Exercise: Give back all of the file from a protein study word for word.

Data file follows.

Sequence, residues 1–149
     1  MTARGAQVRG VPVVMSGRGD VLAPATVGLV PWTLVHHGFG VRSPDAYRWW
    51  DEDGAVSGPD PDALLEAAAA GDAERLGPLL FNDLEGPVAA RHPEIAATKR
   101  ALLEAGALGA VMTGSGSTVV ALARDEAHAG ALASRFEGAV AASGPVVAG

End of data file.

Sequence, residues 1–149
     1  MTARGAQVRG VPVVMSGRGD VLAPATVGLV PWTLVHHGFG VRSPDAYRWW
    51  DEDGAVSGPD PDALLEAAAA GDAERLGPLL FNDLEGPVAA RHPEIAATKR
   101  ALLEAGALGA VMTGSGSTVV ALARDEAHAG ALASRFEGAV AASGPVVAG